Research Papers:

Decreased incidence of glaucoma in children with asthma using inhaled corticosteroid: a cohort study

PDF |  HTML  |  How to cite  |  Order a Reprint

Oncotarget. 2017; 8:105463-105471. https://doi.org/10.18632/oncotarget.22252

Metrics: PDF 427 views  |   HTML 761 views  |   ?  

Ling-Sai Chang, Hui-Ching Lee, Yuh-Chyn Tsai, Lien-Shi Shen, Ching-Ling Li, Shih-Feng Liu _ and Ho-Chang Kuo


Ling-Sai Chang1,2,3,*, Hui-Ching Lee4,*, Yuh-Chyn Tsai4,*, Lien-Shi Shen4, Ching-Ling Li4, Shih-Feng Liu4,5 and Ho-Chang Kuo1,3

1Kawasaki Disease Center, Kaohsiung Chang Gung Memorial Hospital, Taiwan, China

2Graduate Institute of Clinical Medical Sciences, College of Medicine, Chang Gung University, Taiwan, China

3Department of Pediatrics, Kaohsiung Chang Gung Memorial Hospital and Chang Gung University College of Medicine, Taiwan, China

4Department of Respiratory Therapy, Kaohsiung Chang Gung Memorial Hospital, Taiwan, China

5Division of Pulmonary and Critical Care Medicine, Department of Internal Medicine, Kaohsiung Chang Gung Memorial Hospital and Chang Gung University College of Medicine, Taiwan, China

*These author have contributed equally to this work

Correspondence to:

Shih-Feng Liu, email: liuphysico@yahoo.com.tw

Ho-Chang Kuo, email: dr.hckuo@gmail.com, erickuo48@yahoo.com.tw

Keywords: asthma; child; glaucoma; inhaled corticosteroid; taiwan national health

Received: June 13, 2017    Accepted: October 04, 2017    Published: November 01, 2017


Among the anti-inflammatory medications used for treating asthma, corticosteroids are the most effective. The effects of orally administered corticosteroids on intraocular pressure and lens opacity have been well defined, but the influence of inhaled corticosteroids (ICS) on children has yet to be clearly explained. Therefore, we used a nationwide cohort database to investigate glaucoma in childhood asthma patients using ICS. We analyzed a dataset of 1,000,000 randomly sampled individuals from Taiwan’s 2000 National Health Insurance Research Database. The study cohort included 5,380 patients who were first diagnosed with asthma (ICD9: 493.X) diagnosis when they were six years old or younger. All subjects were followed through December 2011. We applied Cox’s proportional hazard model to determine whether ICS use has a correlation with glaucoma. Of the 5,380 patients enrolled in this study, we identified 1,232 patients who had used ICS and 4,148 patients who had no history of ICS administration throughout the follow-up period. The prevalence of glaucoma was significantly lower in patients using ICS, with a 0.52-fold decreased risk of developing glaucoma in comparison to the control group [adjusted hazard ratio (HR) 0.52, 95% confidence interval (CI) 0.28~0.96]. Among the evaluated comorbidities, cataract was positively associated with glaucoma in asthma children (adjusted HR 8.22; 95% CI = 2.59~26.12). This study provides not only the first but also strong evidence that the glaucoma incidence in the ICS group is lower than that in the non-ICS group in children with asthma. Further consultation with an ophthalmologist regarding the high-risk group of asthma children with cataracts is necessary.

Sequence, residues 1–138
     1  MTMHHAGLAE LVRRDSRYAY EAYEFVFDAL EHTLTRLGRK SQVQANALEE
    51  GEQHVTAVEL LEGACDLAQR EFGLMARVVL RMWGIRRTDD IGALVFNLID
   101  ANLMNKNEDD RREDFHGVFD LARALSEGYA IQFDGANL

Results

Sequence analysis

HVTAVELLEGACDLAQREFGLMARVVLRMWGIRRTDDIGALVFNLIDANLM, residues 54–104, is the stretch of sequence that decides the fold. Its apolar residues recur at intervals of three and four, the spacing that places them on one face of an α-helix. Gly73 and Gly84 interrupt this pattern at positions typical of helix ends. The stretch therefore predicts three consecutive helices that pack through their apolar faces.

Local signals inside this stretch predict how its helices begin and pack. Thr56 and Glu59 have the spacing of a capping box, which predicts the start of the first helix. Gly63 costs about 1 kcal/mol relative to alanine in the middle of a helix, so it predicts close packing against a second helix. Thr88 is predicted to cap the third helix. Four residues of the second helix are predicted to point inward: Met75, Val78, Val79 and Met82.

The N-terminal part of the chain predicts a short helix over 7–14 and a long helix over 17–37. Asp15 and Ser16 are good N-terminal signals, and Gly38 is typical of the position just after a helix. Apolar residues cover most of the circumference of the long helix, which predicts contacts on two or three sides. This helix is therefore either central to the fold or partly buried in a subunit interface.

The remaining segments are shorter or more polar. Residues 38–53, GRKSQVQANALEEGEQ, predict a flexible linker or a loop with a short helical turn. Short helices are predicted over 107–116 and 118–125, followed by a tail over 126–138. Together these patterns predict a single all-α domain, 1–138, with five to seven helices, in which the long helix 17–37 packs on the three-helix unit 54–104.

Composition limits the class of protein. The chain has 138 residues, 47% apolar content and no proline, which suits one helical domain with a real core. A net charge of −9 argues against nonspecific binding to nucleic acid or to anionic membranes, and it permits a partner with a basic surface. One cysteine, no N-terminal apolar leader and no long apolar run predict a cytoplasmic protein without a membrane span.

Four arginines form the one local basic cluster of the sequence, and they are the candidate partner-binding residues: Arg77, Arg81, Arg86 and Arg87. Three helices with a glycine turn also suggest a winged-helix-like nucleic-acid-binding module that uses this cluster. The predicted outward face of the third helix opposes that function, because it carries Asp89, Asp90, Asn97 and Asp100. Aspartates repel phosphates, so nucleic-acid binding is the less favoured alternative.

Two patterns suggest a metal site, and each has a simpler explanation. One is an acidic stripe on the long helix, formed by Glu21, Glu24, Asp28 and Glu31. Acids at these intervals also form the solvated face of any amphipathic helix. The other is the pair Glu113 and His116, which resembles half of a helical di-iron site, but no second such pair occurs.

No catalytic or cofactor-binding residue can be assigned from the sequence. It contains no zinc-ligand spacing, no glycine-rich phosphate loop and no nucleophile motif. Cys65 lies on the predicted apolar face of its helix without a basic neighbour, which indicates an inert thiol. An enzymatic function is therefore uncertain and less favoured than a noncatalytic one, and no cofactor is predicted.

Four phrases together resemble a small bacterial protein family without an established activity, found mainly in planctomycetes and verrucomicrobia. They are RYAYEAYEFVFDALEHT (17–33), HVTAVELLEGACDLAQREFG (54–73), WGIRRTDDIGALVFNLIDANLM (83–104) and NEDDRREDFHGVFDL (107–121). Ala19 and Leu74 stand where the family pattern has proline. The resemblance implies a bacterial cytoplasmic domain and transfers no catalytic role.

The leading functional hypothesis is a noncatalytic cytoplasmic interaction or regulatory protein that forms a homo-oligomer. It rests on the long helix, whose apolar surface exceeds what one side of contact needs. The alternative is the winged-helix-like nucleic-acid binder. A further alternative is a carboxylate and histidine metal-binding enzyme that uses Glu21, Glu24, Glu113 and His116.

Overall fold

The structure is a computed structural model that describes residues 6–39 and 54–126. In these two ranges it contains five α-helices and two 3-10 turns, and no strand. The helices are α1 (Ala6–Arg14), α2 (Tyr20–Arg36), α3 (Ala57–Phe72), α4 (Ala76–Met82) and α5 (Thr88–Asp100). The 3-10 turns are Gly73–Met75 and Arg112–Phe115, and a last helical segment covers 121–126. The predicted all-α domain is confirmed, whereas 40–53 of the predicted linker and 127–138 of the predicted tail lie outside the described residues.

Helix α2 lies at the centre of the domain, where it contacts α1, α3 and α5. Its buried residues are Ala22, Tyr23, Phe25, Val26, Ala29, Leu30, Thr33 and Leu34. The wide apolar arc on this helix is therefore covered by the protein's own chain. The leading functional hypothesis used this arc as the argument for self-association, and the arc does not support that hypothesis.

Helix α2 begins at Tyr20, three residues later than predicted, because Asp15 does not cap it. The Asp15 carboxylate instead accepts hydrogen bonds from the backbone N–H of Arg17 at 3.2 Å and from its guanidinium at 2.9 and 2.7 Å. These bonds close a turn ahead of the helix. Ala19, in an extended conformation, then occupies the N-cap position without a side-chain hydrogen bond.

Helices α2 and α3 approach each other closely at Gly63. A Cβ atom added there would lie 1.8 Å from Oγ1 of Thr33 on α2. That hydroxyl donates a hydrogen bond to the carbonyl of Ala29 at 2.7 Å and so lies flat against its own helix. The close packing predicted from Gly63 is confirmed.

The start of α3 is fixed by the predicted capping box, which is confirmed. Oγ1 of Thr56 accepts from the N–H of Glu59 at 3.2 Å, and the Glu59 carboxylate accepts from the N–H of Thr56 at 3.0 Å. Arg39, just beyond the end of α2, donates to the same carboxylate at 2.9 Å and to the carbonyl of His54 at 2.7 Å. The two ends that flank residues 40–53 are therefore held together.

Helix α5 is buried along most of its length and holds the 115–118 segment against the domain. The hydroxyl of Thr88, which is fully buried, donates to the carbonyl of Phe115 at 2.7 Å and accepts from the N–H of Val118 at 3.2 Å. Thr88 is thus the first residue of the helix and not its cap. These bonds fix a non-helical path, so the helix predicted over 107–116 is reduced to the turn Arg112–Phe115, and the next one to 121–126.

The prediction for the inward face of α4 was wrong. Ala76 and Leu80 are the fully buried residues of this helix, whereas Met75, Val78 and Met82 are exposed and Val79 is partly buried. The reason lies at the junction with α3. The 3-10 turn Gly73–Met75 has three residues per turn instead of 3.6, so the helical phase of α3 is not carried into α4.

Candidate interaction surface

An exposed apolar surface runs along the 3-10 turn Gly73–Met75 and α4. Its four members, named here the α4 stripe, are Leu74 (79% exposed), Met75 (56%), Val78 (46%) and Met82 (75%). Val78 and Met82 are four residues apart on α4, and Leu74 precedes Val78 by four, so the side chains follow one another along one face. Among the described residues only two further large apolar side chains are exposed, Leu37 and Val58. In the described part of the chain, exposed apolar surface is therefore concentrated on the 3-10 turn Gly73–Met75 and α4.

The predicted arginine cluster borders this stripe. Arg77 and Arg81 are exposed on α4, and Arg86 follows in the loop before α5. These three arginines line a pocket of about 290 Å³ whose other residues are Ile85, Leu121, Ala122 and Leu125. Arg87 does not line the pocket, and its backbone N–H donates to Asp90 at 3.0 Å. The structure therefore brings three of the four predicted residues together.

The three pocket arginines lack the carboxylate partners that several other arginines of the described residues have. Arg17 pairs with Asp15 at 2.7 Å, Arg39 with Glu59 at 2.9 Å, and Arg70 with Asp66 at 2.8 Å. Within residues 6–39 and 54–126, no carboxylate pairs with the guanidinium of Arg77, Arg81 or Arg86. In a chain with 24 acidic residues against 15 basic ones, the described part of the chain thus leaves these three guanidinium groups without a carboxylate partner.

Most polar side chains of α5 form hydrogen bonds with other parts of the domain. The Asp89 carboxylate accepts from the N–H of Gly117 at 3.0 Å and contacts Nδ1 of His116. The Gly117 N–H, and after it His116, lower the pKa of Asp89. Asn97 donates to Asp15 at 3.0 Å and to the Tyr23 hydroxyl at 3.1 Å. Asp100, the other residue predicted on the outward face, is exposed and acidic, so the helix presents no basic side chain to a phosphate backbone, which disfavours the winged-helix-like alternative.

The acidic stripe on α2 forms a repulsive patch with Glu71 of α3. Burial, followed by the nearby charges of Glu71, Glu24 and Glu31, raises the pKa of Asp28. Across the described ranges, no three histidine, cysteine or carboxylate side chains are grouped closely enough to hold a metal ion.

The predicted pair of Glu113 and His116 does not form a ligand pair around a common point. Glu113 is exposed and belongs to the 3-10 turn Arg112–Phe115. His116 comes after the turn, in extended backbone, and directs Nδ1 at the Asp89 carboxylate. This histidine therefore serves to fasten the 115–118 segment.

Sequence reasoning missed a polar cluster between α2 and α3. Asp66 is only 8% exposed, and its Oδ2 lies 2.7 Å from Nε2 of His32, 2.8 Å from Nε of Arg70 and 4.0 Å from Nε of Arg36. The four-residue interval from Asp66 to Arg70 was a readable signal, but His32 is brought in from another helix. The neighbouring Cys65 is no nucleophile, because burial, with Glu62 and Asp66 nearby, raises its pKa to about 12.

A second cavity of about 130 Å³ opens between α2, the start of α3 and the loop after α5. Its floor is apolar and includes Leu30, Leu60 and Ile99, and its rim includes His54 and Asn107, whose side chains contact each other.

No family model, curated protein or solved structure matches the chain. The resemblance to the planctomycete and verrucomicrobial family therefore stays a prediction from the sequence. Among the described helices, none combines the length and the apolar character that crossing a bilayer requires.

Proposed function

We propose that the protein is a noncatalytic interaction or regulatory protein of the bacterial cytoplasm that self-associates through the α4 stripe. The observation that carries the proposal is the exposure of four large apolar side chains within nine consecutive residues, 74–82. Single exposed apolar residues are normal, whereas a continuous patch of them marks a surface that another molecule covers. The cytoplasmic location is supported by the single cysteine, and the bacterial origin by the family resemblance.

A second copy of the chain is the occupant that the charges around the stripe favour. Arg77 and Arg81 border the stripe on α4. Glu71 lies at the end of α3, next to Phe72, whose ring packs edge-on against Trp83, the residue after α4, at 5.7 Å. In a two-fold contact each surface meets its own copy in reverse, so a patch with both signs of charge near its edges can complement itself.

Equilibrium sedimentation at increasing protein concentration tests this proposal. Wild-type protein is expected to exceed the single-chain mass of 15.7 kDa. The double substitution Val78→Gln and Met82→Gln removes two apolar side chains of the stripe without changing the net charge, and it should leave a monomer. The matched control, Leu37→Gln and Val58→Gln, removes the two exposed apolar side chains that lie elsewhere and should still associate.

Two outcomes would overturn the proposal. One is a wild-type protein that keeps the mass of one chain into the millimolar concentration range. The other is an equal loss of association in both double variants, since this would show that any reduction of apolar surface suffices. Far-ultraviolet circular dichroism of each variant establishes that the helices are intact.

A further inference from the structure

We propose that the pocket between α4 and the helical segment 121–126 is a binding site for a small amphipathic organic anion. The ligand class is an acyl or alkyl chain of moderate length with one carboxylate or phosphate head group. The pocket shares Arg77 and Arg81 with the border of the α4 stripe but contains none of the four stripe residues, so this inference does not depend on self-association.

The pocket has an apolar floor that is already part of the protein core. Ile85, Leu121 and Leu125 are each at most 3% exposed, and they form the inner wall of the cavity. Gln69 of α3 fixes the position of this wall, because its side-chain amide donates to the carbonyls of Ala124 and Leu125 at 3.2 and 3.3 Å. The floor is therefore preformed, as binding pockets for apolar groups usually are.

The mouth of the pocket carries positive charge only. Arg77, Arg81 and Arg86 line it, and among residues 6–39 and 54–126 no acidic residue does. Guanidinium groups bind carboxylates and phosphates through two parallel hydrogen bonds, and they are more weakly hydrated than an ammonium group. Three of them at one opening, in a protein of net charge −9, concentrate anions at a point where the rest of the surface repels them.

Decreased incidence of glaucoma in children with asthma using inhaled corticosteroid: a cohort study | Chang | Oncotarget


Asthma is one of the most widespread chronic childhood diseases, often starting in children under the age of six years [1]. This disease is commonly treated with corticosteroids. Short-burst oral corticosteroids are frequently considered for treating young children admitted to the hospital with symptoms indicating atopic asthma [2]. Meanwhile, inhaled corticosteroids (ICS) can effectively treat multiple-trigger wheeze in preschool-age children [3].